Public health nutritionists aim to prevent disease and illnesses in communities by encouraging people to live healthier lifestyles and promote equal access to health care and health systems. Public health nutritionists work in areas such as:

  • advocacy
  • community education and development
  • consulting
  • media
  • policy and guideline development.

Self-employment and consulting

A nutritionist can provide various consulting services to government agencies in public or community health, or private businesses such as gyms, PR agencies and weight loss companies. They can have a focus on corporate wellbeing, or be a weight loss consultant, lifestyle health consultant, or a public speaker engaging in healthy eating and wellbeing seminars.

Working as a nutritionist

Can I work as a dietitian with a nutrition qualification?

A dietitian can work in the same roles and settings as nutritionists, however, nutritionists can't work in some of the settings or perform the work of a clinical dietitian. All dietitians can also be classified as nutritionists but nutritionists can't be classified as dietitians. If you've completed a nutrition qualification such as a Bachelor of Nutrition Science or a Master of Human Nutrition, you can work as a nutritionist only.

Can I become accredited as a nutritionist?

There's no official accrediting body for nutritionists. However, as a nutritionist you're able to apply for registration with the Nutrition Society of Australia.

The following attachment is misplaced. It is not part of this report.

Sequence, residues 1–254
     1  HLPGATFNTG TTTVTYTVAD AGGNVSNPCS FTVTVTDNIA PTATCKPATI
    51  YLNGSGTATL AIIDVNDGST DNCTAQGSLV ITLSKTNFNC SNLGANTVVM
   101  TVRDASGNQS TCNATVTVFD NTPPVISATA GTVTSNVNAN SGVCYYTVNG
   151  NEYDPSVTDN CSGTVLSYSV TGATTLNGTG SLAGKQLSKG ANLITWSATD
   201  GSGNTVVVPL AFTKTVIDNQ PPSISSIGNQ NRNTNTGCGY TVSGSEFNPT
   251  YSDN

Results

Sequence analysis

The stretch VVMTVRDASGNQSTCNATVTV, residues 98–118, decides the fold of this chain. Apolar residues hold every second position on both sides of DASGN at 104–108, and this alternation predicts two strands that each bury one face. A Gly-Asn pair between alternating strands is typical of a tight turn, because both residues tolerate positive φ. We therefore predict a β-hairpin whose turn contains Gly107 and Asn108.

Can I work in a clinical setting such as a hospital?

Nutritionists can work in many different capacities – mostly with groups in community settings with a focus on population health. However, unless you have a dietetics qualification, you won't be able to work in clinical settings, including engaging in one-on-one consultations with hospital patients.

Learn more about the role of a nutritionist

I thought the Master of Dietetics was the ideal way for me to channel my passion for health and nutrition into a challenging, exciting and meaningful career.

Sophie Jamieson

Master of Dietetics and Bachelor of Food and Nutrition student

Explore careers in dietetics

Your qualification in dietetics will open doors to a range of career opportunities. You could find yourself assisting government bodies with food regulation policies, educating your community on the importance of diet or even working for your favourite sporting clubs as a sports dietitian.

Clinical dietetics

Clinical dietitians work as part of a healthcare team in hospitals and residential care centres, and are responsible for assessing the nutritional needs of patients/residents, planning appropriate diets, and educating patients and families about dietary change. Clinical dietitians specialise in a wide range of patient areas including malnutrition, cancer (oncology) and children (paediatrics).

Consultancy and private practice

Dietitians can provide consultancy services to individuals, groups and organisations including individual counselling, group programs, preventive health programs and nutrition education. Dietitians also prepare nutritional information for publication, work with the media through public relations or even establish their own business.

Food service

Food service dietitians are responsible for large-scale food planning and service. They coordinate, assess and plan food service processes in healthcare facilities, school food service programs and prisons. Areas of employment can include menu assessment and planning, food service consulting and hospitality and catering.